Teodoro Zamudio acts as art director for the label, working almost single-handedly to produce artwork for each release. He explains that the final result is generally a careful balance between the opinion of the musician and the label themselves, with the artwork for the Bwana EP (left) resulting from a collaboration between Bwana and Zamudio.
Smallville was founded in 2005 as a record shop in the St Pauli district of Hamburg, an area long associated with radicalism and underground culture. In 2006, it expanded into a label and released its first record.
Stefan Marx takes responsibility for all the artwork for the label, creating the paintings and illustrations by himself, many of which are simple, humorous, black and white affairs. Marx explains that his illustrations are sometimes in response to the release itself, or a result of a studio visit from a musician. When talking about putting together illustrations for a release, Marx comments, “I see it as a kind of publishing. Like publishing an edition of an artwork.”
For Smallville, the artwork plays a secondary role in its releases. From the beginning, the label made the decision to use only drawings or paintings and Marx adds that, “The drawing should be a second component to the music, an image which could add something to the music, but it’s not necessarily a must. As the feeling comes through the music and the parties, the image can stay in mind.”
Paris-based Sound Pellegrino is curated by DJs Orgasmic and Teki Latex, with Ill-Studio taking responsibility for creating the label’s artwork.
Starting in 2009, the label has released 10 EPs and a compilation album each year, focusing on a wide spectrum of house and electronic music, including “all mutant subgenres and nanogenres”.
Emile Shahidi from the label explains that it was of key importance to establish a classical identity for Sound Pellegrino, and one that would insert “modern codes and retro imagery” into something that would become easily recognisable over time. Working closely with Ill-Studio, they came up with “the Deutsche Grammophon pastiche idea, and that gradually evolved towards contradictory visual grammars being fused”.
Emerging from a club night of the same name, the Night Slugs label has only been in existence for the past couple of years. The club nights cultivated and developed “a new sort of hybrid club sound”, and the label continues to do the same.
The strong visual identity of the label relies on art director Alex Sushon’s interpretation of the music. Drawing influence from brutalist architecture, modular constructions, early computer art, and pre-hyperrealism computer games, Sushon explains, “to me our tracks are made up of these geometric blocks or modules, glowing with energy in the darkened void of a club. So the record covers depict these metaphors for the tracks.”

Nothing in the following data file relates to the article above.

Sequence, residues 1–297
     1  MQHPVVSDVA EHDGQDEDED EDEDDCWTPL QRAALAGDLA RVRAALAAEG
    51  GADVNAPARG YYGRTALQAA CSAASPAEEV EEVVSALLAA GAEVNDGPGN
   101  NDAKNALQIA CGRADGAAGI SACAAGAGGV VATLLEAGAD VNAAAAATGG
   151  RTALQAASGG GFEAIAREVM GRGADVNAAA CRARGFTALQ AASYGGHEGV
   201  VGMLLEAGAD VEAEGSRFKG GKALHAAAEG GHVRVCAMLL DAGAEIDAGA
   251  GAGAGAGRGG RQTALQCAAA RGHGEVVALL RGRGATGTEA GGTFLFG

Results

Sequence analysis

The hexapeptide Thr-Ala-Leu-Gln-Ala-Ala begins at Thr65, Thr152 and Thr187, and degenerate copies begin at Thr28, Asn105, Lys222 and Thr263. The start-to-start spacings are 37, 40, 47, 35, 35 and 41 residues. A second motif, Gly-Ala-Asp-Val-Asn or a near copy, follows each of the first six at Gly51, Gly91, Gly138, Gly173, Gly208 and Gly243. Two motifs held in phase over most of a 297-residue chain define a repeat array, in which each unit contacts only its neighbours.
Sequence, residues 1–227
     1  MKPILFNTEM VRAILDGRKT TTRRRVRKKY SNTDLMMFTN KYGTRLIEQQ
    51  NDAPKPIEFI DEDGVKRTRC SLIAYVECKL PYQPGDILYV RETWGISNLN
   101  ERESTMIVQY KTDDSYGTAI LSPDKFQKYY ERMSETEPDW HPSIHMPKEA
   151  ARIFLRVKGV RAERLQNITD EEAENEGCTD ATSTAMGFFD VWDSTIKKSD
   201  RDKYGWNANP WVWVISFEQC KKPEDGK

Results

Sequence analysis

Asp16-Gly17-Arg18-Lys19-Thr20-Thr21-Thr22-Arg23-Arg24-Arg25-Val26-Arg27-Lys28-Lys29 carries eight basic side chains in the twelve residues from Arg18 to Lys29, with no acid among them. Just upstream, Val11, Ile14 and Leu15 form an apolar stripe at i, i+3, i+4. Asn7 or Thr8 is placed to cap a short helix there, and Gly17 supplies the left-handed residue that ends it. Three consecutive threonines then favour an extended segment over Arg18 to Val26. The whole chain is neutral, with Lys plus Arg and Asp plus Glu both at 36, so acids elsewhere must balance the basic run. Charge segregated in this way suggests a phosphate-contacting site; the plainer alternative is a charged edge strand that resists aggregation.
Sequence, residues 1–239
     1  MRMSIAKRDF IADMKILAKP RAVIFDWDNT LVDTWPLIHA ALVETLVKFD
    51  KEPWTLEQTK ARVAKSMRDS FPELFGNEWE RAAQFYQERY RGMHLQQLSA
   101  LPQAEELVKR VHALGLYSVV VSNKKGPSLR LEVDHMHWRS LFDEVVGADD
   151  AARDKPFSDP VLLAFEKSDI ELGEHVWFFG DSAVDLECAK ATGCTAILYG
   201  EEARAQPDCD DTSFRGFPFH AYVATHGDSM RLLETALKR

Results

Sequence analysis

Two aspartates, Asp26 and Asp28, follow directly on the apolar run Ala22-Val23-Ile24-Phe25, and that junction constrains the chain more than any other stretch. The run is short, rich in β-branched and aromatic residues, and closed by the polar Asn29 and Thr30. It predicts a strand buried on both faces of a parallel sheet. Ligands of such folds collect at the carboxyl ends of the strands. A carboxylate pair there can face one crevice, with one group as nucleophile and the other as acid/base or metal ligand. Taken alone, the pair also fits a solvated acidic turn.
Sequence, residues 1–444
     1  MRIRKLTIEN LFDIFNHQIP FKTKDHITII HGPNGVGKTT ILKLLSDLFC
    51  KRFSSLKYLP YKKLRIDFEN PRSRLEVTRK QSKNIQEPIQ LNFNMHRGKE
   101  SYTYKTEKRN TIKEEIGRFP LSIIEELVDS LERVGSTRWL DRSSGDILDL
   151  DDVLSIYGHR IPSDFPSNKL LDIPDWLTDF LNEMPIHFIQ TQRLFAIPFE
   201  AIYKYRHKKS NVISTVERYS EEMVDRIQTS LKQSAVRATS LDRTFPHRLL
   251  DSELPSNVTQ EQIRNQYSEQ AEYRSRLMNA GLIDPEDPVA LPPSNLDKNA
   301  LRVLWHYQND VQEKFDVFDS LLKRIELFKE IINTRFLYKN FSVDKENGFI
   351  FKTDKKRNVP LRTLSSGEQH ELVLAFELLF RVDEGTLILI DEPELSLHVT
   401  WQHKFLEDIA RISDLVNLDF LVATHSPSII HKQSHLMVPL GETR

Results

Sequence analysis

Sushon hadn’t initially been thinking of the artwork in terms of a series, but adds that “I knew that I wanted them to live in a sort of Tron universe”.
No Pain in Pop
Growing out of promoting shows in South London, No Pain in Pop has been active since 2008, and now has almost 30 releases under its belt, also running a blog alongside the label to showcase its music.
The label focuses on working with “young, creative, original acts with clear artistic visions, who aren’t easily pigeonholed into a musical niche”. This means that, for the most part, the artists themselves take responsibility for their artwork.
Matthew Barnes, the creative mastermind behind Forest Swords, produced the artwork for his releases using an old scan he’d had on a disc for a few years. This identity runs throughout his releases, and he comments that “it’s important that if someone is investing in a physical product, they should feel like they’re buying into a series or a collection, and have a clear thread that runs through them all. It feels more complete and rounded that way, both for me and for the person owning it. It always frustrates me when there’s no thematic link between musicians’ records.”
Jane Eastlight worked on the cover for patten’s GLAQJO XAACSSO EP, which was created as a digital collage that used old books, magazines and journals as its sources. Eastlight adds that “I try rather than just to illustrate, to produce a visual analogue to the audio. [Acting as] another layer to the sonic experience.”
Eastlight is positive about the future of record artwork: “Although many lamented the death of record sleeve artwork, I think it’s more important than ever. These highly evocative, powerful images help us to navigate through the unfathomable amount of music out there.”
Founded in 2007, as a record label and artist collective, creative director Dominic Flannigan describes the LuckyMe aesthetic as “a natural fusion of design and music, and hopefully something that feels authentic and classic”.
All the artwork is designed in-house, with Flannigan using the musicians’ visual influences as a starting point. For Lunice, Flannigan drew inspiration from the artist’s collection of graffiti photographs, and commissioned Colin Faulks to illustrate the cover. Flannigan argues that, “Now, just as much as ever, we associate music with the visual.
Just because the majority of us download music, it doesn’t necessarily undervalue all design. The jpeg sleeve, the viral and the press photo all carry a message. The power of design to add context to music is as vital as ever.”